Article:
He was born in London, the first son of Richard Bingham. He attended Westminster School but left formal education in 1816 to join the 6th Regiment of Foot. He became a Lieutenant in 1820 and a Major in 1825, when he was with the 17th Lancers. He became regimental commander in 1826. He was also elected as MP for County Mayo in 1826 and held that seat until 1830. In 1829 he married Anne Brudenell, 7th daughter of the 6th Earl of Cardigan, and they had six children.
He became Earl of Lucan on June 30, 1839. He was made Lord-Lieutenant of County Mayo in 1845 and acted in a sufficiently clumsy and insensitive manner to earn the hatred of many of the inhabitants. He continued to rise through the army's rank, depsite being on half-pay, he was made a Colonel in 1841 and a Major-General in 1851.
At the outbreak of the Crimean War he applied for a post and was made commander of the cavalry division. His brother-in-law, the Earl of Cardigan, was one of his subordinates, commanding the Light Brigade - an unfortunate choice as the two men heartily detested each other.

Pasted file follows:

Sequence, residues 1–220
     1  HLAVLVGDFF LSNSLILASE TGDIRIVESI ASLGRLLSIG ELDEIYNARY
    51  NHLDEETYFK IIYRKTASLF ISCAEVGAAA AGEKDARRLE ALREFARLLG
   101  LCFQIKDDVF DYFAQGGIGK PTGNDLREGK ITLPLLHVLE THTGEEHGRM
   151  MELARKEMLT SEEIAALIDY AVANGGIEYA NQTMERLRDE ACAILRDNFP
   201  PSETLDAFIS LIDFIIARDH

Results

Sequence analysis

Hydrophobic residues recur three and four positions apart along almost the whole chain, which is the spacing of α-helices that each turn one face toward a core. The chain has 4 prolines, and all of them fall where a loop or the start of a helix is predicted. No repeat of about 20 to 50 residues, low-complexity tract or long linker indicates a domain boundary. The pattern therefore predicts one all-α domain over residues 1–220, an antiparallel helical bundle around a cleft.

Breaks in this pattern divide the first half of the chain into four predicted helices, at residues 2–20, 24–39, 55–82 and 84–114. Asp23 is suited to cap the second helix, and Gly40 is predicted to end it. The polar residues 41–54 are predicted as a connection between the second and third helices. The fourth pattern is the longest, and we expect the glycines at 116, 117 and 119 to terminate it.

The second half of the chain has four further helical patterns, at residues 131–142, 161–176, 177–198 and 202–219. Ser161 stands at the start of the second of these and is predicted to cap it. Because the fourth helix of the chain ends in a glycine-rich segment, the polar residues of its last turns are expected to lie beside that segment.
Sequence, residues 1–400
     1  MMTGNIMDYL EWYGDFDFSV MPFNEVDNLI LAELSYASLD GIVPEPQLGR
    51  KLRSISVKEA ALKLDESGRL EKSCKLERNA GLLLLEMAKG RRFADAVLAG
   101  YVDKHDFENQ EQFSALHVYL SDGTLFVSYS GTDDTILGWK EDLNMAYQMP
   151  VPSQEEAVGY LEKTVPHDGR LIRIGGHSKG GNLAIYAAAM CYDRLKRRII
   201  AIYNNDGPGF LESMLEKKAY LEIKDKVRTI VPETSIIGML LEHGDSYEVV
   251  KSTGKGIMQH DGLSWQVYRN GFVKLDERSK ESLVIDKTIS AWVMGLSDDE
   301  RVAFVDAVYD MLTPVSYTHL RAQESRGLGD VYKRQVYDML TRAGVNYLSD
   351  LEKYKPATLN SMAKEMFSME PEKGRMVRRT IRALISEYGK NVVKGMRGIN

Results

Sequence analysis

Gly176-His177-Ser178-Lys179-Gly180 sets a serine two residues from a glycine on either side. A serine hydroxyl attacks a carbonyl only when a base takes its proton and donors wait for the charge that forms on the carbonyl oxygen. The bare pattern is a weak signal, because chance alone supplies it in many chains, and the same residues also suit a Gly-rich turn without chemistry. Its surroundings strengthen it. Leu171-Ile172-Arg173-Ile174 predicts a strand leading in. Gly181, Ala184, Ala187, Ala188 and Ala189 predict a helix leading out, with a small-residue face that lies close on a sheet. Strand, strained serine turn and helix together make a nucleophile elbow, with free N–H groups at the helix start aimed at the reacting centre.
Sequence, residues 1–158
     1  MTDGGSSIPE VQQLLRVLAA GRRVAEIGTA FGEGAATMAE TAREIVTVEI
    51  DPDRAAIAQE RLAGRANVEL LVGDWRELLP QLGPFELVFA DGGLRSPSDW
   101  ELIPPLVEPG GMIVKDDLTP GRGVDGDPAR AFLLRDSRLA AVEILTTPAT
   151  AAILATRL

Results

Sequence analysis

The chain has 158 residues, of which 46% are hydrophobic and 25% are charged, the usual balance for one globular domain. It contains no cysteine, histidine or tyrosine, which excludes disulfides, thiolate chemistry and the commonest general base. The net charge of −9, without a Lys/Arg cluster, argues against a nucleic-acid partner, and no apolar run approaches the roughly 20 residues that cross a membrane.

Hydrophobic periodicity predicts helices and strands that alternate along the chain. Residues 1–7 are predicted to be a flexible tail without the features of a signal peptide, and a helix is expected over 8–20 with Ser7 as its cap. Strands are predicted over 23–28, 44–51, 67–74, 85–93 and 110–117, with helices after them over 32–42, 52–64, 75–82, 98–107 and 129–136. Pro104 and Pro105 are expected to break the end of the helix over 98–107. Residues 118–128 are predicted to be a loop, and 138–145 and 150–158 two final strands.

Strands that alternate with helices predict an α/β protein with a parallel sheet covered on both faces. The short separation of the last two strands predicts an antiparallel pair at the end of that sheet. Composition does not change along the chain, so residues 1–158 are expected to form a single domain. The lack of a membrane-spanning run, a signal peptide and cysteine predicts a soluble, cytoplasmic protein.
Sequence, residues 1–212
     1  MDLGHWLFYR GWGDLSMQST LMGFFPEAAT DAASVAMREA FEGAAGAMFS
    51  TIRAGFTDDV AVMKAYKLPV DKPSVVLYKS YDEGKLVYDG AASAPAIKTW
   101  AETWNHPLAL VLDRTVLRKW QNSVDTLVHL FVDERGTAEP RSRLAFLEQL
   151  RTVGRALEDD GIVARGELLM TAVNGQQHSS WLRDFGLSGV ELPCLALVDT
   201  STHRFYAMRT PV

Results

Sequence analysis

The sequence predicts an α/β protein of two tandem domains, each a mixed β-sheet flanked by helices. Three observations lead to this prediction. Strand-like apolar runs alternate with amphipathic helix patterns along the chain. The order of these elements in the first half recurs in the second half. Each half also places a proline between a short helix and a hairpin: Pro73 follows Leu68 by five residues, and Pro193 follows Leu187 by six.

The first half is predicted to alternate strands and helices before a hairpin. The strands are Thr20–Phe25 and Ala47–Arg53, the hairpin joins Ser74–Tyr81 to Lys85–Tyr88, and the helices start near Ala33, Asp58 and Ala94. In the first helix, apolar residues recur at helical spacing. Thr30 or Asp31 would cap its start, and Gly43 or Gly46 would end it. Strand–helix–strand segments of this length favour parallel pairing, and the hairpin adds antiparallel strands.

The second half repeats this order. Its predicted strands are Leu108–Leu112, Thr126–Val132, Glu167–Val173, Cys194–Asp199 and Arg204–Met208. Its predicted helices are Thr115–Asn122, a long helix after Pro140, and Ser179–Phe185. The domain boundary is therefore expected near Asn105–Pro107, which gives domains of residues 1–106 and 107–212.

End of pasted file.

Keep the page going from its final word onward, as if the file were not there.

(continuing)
At the Battle of Balaclava, Lucan received an order from the British commander, Raglan, and in turn ordered Cardigan to lead the fateful charge of the Light Brigade. As Lucan brought the Heavy Brigade forward in support he was lightly wounded in the leg. Raglan blamed Lucan for the loss, "you have lost the light brigade," and censured him in dispatches, Lucan was recalled to England in March 1855.
Back home Lucan's demand for a court martial was declined and he instead defended himself with a speech in the House of Lords on March 19, blaming Raglan and his deceased aide-de-camp Captain Lewis Nolan. Clearly blame was not attached to Lucan; he was honoured with a KCB in July and made a Colonel in the Hussars in November, 1855. Although he never again saw active duty he reached the rank of General in 1865 and was made a Field Marshal in the year before his death.
|Earl of Lucan||Followed by:|
Charles George Bingham